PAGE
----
• Then sketch or trace your initials onto the paper side of the bondaweb (1). Remember to use the reverse of the initial, as you will be ironing it to the reverse of the fabric scrap, and you want it to be the right side up at the end.
  • Iron the bondaweb to your felt or fabric (2). If you are using fabric, remember to iron the bondaweb to the reverse of the material. 
  • Cut out your letter shape, peel away the papery backing layer, then iron the initial to the stocking (3). Iron over a tea towel as the felt scorches easily.
  • Using straight stitch, sew around the letter in an embroidery thread of your choice (4).

  • Sew small white buttons onto the initials, just to add a bit of detail and sparkle (5). 
  • Then sew larger red and white buttons randomly all over the stocking (6).
  • Pin the two pieces of stocking together, securing the ribbon in place at the top with pins at the same time (7). 
  • Using a thread that contrasts to the main colour of your stocking, join the two pieces of felt together with blanket stitch (8).

The ribbon will be held securely in place by the blanket stitch down the side. Trust me, it's enough support for a well stuffed stocking! Lastly, blanket stitch along the top of both front and back pieces, just for decoration. Then hang and hope you've been good enough throughout the year so that Father Christmas pays you a visit.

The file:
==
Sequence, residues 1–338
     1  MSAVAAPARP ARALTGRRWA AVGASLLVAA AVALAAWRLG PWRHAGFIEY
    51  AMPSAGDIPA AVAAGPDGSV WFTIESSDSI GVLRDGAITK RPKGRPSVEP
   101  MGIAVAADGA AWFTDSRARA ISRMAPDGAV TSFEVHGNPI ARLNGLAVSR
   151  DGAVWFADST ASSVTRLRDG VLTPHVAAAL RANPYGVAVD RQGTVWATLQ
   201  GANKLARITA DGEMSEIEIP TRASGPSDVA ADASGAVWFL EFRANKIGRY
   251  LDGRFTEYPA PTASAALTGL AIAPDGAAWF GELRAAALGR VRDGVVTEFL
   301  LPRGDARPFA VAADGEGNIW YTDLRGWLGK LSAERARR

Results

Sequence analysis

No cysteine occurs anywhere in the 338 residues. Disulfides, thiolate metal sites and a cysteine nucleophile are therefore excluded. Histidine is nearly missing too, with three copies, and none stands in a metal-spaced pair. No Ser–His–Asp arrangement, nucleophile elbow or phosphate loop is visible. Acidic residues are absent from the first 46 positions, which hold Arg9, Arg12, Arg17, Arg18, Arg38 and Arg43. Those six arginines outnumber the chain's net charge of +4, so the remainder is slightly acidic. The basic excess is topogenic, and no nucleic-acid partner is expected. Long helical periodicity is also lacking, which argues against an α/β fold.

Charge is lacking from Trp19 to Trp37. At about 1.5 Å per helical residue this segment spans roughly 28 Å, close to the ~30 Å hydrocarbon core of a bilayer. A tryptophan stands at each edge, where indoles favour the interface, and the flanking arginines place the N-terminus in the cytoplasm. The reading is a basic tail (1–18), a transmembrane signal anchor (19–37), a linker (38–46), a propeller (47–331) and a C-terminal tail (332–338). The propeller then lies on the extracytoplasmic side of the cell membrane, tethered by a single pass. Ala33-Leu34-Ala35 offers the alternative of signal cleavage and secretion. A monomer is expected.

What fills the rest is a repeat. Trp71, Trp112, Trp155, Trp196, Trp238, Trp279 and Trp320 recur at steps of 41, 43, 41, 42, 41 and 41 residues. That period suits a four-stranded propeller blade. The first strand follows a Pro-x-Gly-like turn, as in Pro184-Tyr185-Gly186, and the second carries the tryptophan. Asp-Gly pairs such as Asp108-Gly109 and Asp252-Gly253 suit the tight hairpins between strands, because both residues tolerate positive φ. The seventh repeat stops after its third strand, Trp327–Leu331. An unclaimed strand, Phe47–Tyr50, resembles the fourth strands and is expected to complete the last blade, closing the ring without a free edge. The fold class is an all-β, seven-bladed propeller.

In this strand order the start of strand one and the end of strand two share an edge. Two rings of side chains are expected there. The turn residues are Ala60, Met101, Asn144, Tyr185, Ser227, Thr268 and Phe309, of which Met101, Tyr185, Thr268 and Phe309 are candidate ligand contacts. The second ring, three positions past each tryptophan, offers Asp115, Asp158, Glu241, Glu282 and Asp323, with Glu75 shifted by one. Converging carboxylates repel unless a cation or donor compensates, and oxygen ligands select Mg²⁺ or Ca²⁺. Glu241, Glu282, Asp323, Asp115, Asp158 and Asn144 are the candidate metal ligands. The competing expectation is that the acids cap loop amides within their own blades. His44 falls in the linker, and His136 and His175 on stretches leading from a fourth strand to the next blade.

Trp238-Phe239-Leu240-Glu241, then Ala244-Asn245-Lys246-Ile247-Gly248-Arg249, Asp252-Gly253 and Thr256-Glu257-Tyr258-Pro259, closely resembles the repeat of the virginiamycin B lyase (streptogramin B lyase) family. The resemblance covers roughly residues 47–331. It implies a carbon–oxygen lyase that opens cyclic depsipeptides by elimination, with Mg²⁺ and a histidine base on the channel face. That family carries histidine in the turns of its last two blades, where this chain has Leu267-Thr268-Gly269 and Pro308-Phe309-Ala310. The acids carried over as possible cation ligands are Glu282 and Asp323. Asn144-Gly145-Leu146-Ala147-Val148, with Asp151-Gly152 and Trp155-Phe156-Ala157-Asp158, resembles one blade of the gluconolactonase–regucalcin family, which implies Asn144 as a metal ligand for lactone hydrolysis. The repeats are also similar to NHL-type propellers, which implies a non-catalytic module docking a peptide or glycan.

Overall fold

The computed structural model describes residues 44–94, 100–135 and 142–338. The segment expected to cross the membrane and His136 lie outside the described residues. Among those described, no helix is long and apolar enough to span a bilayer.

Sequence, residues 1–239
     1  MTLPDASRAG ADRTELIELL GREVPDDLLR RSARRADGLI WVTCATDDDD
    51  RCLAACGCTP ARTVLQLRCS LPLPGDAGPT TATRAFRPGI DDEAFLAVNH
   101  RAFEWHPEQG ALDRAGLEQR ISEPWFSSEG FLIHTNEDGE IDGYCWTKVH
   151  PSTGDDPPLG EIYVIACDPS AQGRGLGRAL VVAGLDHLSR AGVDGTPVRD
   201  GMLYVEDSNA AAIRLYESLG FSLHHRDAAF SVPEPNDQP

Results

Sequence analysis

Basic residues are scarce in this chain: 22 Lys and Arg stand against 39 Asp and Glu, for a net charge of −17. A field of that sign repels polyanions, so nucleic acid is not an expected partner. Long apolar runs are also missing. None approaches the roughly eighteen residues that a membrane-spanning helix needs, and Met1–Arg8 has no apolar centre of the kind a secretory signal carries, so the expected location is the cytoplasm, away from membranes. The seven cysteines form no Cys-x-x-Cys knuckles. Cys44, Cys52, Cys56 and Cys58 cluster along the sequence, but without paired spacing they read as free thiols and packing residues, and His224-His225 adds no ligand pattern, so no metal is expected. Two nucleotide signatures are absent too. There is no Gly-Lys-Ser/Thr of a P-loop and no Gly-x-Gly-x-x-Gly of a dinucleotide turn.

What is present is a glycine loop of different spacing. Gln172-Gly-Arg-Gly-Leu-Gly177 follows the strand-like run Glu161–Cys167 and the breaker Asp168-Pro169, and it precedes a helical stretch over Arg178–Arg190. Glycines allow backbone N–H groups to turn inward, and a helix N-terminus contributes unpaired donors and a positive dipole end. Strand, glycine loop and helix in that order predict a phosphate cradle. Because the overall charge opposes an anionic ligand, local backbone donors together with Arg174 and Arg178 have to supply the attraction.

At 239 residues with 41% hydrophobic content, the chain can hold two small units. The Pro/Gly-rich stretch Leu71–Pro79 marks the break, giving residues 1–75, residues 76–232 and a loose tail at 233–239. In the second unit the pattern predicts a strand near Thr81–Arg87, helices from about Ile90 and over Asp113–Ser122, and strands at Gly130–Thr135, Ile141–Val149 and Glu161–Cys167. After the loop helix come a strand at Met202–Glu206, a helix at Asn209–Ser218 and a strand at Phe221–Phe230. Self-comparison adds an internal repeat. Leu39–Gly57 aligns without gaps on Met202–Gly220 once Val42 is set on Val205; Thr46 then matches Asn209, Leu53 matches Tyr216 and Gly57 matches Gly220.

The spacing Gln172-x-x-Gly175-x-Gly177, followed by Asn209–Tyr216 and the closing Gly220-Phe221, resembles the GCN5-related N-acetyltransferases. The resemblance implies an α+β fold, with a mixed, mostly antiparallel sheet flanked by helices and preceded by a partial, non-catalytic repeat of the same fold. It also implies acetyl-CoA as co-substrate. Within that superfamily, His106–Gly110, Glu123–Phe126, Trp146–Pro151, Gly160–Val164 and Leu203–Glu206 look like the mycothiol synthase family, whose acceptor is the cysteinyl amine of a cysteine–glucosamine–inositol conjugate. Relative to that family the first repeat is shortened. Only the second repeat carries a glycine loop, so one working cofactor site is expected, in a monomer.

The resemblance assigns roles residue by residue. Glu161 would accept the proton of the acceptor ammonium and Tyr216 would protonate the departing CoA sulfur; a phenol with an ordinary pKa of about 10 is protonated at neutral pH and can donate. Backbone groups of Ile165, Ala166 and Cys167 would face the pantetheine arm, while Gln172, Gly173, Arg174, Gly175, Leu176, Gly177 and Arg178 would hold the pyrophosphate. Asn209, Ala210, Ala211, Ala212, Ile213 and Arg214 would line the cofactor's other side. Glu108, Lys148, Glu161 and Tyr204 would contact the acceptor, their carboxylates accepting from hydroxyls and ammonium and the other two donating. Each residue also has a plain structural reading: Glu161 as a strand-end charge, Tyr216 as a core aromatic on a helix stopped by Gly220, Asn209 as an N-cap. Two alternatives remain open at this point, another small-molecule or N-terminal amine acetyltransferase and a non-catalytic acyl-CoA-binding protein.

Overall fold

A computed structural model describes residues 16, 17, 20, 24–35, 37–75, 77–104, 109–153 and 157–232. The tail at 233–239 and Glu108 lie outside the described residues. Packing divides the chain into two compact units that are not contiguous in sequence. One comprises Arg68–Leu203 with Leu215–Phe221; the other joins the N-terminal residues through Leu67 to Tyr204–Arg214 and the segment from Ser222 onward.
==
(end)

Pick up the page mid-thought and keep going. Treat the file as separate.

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* I am assuming you like crafting and Christmas. I hope you do, as you'll be seeing a lot of both here over the coming month! 

46 comments:

  1. Dear Gillian
    A lovely idea and 'how to' as well. We used to have one of Dad's(clean) socks containing our stocking presents, which always included a satsuma and an apple. I used to love tipping the presents out and finding the satsuma, usually right down in the toe. We also left a mince pie and some sherry out by the fireplace and I was always overjoyed to find them eaten and drunk! Happy memories!
    Best wishes
    Ellie

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    1. Yes, we always left the mince pie and sherry out too, and a carrot for the reindeer, and I was always thrilled to see the empty plate and thank you note on Christmas morning. It's such fun re-creating those same traditions now. x

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  2. Have just dropped by on your blog and saw your Mouse Shoe Box - it is delightful!. As a child I used to make dolls furniture out of match boxes. (I am OLD a war baby we didn't have toys then!) We belonged to the library and the Dolls Match Box book was renewed about 10 times cos I just loved making the dolls furniture. Your blog did bring back such fun memories. Glad you liked making yours. A Granny xx

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    1. Hello - thank you for your lovely comment. My daughter and I really enjoyed making ours and we are planning another soon. How I would love to get my hands on the Dolls Match Box book! I bet there are some fantastic ideas in there.

      Gillian x